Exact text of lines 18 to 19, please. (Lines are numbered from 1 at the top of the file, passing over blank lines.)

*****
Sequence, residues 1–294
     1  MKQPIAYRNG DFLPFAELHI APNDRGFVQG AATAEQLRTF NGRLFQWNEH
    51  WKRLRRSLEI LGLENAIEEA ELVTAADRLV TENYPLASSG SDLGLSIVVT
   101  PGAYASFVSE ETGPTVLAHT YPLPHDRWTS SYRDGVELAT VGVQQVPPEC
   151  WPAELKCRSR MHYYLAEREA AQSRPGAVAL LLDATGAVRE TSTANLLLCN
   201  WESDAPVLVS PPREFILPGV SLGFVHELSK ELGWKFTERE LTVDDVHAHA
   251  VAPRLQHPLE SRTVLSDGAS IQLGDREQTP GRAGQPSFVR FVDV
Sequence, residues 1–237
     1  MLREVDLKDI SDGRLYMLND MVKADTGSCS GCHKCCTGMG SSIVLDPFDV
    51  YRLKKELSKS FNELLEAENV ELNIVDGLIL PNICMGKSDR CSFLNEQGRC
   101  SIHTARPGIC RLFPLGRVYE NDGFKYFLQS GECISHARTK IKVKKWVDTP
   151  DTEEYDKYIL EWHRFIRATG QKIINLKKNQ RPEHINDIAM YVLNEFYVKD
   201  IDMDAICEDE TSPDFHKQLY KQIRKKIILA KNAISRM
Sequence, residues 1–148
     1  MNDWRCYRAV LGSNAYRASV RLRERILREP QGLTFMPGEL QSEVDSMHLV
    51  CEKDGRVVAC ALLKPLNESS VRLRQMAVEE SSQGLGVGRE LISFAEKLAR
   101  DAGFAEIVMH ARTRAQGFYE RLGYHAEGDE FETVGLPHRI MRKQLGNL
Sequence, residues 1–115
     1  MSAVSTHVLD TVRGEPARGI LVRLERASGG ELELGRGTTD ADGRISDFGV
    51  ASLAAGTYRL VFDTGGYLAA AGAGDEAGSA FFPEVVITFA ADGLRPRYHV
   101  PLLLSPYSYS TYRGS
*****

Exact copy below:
Sequence, residues 1–115
     1  MSAVSTHVLD TVRGEPARGI LVRLERASGG ELELGRGTTD ADGRISDFGV